Following such notification, the Critical Areas Administrator shall determine if the action taken was within the scope of the emergency actions allowed in this subsection. If the Critical Areas Administrator determines that the action taken or any part of the action taken was beyond the scope of allowed emergency actions, then the enforcement provisions of FMC 16.08.160 shall apply. The exemption for emergencies should not eliminate the need for later mitigation to offset the impacts of emergency activity. Once the immediate threat has been addressed, any adverse impacts on critical areas shall be mitigated, as determined by the Critical Areas Administrator.

2.    Ongoing agriculture activities, including related development and activities that do not result in expansion into a critical area or its standard buffer.

3.    Normal and routine maintenance or repair of existing structures, utilities, sewage disposal systems, potable water systems, drainage facilities, ponds, or public and private roads and driveways associated with existing residential or commercial development; normal maintenance, repair, or operation of existing structures, facilities, and improved areas accessory to a single-family residential use; and maintenance activities such as mowing and normal pruning; provided, that such maintenance activities are limited to existing landscaping improvements and do not expand into critical areas or associated buffers, do not expose soils, do not alter topography, do not destroy or clear native vegetation, and do not diminish water quality or quantity. Destruction or clearing of native vegetation in critical areas, their buffers, or steep slopes is prohibited.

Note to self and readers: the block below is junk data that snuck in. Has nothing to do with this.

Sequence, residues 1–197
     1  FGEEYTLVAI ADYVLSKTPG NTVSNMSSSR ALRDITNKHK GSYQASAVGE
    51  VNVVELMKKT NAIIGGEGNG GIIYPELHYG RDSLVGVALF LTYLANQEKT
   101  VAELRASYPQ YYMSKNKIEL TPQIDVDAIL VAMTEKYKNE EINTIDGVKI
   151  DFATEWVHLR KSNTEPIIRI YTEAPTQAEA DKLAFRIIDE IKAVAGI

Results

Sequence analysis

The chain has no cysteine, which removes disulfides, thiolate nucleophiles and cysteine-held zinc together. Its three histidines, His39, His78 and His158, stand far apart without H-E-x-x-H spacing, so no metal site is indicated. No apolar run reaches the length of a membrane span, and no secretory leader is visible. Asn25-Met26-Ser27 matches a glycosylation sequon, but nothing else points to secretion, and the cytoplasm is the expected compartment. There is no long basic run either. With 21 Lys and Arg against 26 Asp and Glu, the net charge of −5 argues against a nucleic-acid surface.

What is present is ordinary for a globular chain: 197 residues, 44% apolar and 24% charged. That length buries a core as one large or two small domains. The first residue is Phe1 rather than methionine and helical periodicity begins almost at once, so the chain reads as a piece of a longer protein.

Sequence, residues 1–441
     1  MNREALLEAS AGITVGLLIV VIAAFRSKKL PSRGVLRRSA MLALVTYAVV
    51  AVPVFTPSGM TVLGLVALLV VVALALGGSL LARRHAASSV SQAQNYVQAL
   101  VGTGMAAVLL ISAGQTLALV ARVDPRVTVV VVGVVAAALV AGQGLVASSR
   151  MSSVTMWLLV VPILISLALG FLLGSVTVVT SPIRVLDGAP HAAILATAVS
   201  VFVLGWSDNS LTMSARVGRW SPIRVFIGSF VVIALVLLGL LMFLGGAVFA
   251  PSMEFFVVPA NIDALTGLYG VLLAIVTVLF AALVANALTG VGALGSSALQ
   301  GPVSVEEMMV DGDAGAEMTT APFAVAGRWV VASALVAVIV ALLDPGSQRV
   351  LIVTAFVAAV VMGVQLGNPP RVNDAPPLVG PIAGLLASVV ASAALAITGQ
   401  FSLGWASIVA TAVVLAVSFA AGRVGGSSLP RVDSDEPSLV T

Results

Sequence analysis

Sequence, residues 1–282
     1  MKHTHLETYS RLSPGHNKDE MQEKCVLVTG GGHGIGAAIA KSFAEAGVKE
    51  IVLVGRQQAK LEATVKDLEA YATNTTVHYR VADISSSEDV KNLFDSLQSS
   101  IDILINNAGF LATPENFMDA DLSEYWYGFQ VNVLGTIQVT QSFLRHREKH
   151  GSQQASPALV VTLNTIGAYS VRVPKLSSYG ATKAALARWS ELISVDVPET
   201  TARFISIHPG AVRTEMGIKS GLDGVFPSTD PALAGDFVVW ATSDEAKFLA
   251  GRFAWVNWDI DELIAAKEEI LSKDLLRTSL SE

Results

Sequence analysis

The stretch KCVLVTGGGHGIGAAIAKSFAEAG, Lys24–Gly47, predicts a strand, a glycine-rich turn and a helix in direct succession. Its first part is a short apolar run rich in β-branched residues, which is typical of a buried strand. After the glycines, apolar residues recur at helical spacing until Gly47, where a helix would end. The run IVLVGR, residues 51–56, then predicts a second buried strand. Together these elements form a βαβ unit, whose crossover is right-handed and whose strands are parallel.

4.    Modification of any existing residence that does not add to or alter the existing use and does not expand the building footprint or increase septic effluent.

5.    Activities involving artificially created wetlands or artificial watercourses intentionally created from nonwetland sites, including, but not limited to, activities incidental to construction, grass-lined swales, irrigation and drainage ditches, road side ditches, stormwater detention facilities, and landscape features. It is incumbent upon the applicant to adequately document and demonstrate said features were created from nonwetland sites. This exemption does not include those features that provide critical habitat for federal and state protected species, species of local importance, or for anadromous fish and those features which were created as mitigation pursuant to the provisions of this chapter.